gmalivuk wrote:"An estimated 15%" isn't inconsistent with "nearly 20%".rmsgrey wrote:↶
Wikipedia has an estimated 15% of slaves dying in the Middle Passage.
Incidentally that same Wikipedia article points out, "During the 18th century,... British slavers carried almost 2.5 million [slaves]."Chattel slavery on this scale was not common. Pointing out that "some form of slavery" was common doesn't actually refute that point in any way.Also an estimated 75% of all people alive in some form of slavery c. 1800.
It's as if Angua said that steam locomotives were not common in 1830 and you "countered" by pointing out that an estimated 75% of all people had access to some form of non-human-powered transportation.Where are you getting these numbers? You put quote marks around them but the longer quote isn't Googleable.Estimates of the economic impact on Great Britain range from "less than 1%" to "at the very most possible, under the most favourable assumptions, and assuming there were absolutely no costs involved, up to 5%" of the economy.
No one else has been talking about just the money exchanged for the transport and purchase of slaves. Cotton in particular has been brought up a couple of times. How much of Britain's economy was related to the textile industry? How much of its cotton came from US slave plantations?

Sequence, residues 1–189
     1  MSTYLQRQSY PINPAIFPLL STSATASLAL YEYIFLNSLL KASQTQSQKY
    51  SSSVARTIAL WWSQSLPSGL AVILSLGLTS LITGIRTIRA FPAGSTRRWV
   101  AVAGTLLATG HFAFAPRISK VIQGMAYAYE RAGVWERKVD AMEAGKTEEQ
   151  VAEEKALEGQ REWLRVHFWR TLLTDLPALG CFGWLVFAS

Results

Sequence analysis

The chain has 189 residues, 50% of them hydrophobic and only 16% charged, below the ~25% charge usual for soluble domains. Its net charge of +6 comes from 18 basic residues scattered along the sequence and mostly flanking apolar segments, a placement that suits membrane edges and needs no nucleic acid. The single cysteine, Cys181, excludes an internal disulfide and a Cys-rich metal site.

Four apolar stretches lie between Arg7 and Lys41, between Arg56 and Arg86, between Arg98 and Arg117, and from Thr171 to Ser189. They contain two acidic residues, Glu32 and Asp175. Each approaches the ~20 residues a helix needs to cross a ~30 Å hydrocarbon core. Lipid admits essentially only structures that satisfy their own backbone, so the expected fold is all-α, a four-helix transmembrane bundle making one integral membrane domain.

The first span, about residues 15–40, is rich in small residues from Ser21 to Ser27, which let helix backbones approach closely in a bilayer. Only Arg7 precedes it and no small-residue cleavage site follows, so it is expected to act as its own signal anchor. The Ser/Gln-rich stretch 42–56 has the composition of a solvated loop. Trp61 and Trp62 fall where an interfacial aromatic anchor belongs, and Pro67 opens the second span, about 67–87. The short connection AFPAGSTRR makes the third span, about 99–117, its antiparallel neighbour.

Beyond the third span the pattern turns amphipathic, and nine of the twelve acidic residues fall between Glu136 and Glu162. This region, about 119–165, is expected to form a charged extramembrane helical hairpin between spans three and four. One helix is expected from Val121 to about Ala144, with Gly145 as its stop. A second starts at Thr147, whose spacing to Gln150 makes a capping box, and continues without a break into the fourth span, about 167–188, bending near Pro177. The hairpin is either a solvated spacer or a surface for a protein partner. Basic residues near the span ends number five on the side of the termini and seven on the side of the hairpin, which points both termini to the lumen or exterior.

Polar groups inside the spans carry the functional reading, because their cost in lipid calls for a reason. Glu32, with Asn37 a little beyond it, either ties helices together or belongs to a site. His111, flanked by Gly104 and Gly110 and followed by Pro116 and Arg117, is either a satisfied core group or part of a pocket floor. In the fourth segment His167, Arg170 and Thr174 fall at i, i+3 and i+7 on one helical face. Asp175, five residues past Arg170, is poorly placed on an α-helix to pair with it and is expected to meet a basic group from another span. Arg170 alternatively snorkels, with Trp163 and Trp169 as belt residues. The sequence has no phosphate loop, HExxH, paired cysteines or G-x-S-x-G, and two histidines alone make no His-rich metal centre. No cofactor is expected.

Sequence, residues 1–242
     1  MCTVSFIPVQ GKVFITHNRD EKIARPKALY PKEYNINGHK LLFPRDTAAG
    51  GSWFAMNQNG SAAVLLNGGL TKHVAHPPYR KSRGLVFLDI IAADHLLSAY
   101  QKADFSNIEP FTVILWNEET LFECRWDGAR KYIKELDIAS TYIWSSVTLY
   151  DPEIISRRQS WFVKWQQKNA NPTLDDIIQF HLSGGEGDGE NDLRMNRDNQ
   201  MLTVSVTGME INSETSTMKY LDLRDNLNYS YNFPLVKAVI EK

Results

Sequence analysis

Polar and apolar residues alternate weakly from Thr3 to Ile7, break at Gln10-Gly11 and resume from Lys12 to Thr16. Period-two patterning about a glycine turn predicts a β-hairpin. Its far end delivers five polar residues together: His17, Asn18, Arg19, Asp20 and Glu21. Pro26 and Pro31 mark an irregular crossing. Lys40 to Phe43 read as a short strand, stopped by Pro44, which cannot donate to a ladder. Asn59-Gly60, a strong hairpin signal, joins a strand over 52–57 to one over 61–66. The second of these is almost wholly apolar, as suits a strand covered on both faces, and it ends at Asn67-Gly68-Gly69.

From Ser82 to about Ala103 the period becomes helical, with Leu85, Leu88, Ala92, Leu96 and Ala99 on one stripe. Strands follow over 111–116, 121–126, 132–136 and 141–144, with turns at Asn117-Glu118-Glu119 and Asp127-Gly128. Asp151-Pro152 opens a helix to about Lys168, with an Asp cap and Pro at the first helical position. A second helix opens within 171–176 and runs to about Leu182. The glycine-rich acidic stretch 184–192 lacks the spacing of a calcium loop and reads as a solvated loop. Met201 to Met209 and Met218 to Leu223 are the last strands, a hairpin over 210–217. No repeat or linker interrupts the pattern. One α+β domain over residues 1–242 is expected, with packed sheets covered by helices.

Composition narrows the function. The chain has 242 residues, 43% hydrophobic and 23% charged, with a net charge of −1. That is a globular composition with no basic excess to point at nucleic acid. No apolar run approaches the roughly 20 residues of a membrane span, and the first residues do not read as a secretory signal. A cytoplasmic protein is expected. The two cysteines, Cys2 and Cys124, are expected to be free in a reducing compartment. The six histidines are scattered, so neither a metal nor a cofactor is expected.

Between cotton and rubber, it's probably very fair to say the Industrial Revolution wouldn't have happened when and where it did without British slavery.
That's a bit more than a 5% impact on the British economy.
If you start playing "what if" then how much cotton would have been produced without slave-labour in British colonies? I've not found anything to back it up, but I came across one source that said cotton production increased following the abolition of slavery (which may have been due to a number of factors independent of the use of slaves vs underpaid freemen).
I guess if it's not chattel slavery, then it's not a problem? I gave the 75% figure because that was the only at least semi-relevant and verifiable figure I could track down. Seems the Arab slave trade didn't keep reliable records, with estimates ranging from a tenth of the trans-Atlantic trade to several times the trans-Atlantic trade during that period.
The quoted figures were paraphrases - the 5% had a list of technical assumptions made and costs excluded with qualifiers that these were being as generous as possible to the argument that the slave trade was a major contributor to the British economy, and that the abolition of the slave trade was largely on economic grounds due to falling profitability from soil exhaustion and with the intention of euchring other nations with still fertile colonies out of following in their footsteps (in order to debunk that argument).